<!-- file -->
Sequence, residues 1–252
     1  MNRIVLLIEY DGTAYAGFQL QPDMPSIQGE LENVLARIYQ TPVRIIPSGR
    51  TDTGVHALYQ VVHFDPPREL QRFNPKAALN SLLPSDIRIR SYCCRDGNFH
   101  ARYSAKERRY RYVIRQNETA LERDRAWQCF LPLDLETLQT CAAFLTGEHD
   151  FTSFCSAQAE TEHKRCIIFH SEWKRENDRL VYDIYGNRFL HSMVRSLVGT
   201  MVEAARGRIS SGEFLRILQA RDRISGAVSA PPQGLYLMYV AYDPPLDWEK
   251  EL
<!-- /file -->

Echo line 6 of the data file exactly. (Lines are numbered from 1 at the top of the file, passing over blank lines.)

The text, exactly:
   201  MVEAARGRIS SGEFLRILQA RDRISGAVSA PPQGLYLMYV AYDPPLDWEK